What US Airways, American Airlines Merger Means for Travelers
(NEW YORK) -- American Airlines and US Airways announced on Thursday that they will merge their operations and become one airline, called American Airlines. Together, they will be the world's largest airline by passenger traffic.
So what does the merger mean for travelers?
In the short-term, travelers will see virtually no changes from either airline. The merger still faces regulatory obstacles and must be approved by the Department of Transportation and the Justice Department. If and when it passes that scrutiny, the process of merging the two airlines' operations will begin.
If you're holding a ticket on US Airways or American Airlines, that ticket will still be valid on the airline you planned to fly, on the day and time you planned to fly it.
When you get to the airport, you will head to the same airline check-in counter by which your ticket was issued.
The only possible exception is if you are holding a ticket for many months out and your airline's schedule changes as a result of the merger of flight schedules. In this case, you will be contacted by the airline ahead of time, typically to the email address you provided when the ticket was purchased.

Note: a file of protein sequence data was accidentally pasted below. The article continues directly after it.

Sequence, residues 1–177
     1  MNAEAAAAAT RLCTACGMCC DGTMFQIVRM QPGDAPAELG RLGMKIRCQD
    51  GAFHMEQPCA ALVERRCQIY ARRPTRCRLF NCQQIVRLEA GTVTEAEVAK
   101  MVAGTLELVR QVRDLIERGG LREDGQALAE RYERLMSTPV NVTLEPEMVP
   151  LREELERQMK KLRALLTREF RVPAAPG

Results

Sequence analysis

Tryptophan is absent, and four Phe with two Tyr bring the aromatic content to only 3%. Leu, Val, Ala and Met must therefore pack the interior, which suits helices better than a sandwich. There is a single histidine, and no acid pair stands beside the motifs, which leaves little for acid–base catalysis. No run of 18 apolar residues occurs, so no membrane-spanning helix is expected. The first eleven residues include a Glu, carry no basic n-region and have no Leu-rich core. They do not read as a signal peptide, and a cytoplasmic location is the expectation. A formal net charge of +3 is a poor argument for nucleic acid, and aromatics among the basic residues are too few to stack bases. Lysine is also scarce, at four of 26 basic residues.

And members of either airline's frequent flier programs need not worry: Your miles are still valid on your airline and it's very unlikely you'll lose miles or elite status.
American and US Airways will merge frequent flier programs. The new American Airlines will be part of the oneworld Alliance. US Airways will leave the Star Alliance.
Longer term, the merger could mean higher prices. The U.S., in the last decade, has gone from six legacy carriers (Delta, Northwest, United, Continental, American and US Airways) to four (Delta, United, American and US Airways).
If this merger is approved, just three legacy carriers will remain.
Certainly, the higher fares can't all be attributed to consolidation in the industry (fuel costs, a reduction in available seats and the economy all factor in) but in general, less competition means higher prices.
Higher airfare tends to hit smaller cities harder than larger cities because smaller cities and airports have less competition.
On the up side, the merger will also mean more destinations for the new American Airlines. US Airways passengers will benefit from American's international routes, particularly in Europe and Latin America. American will be able to access the smaller U.S. cities where US Airways has a large presence.
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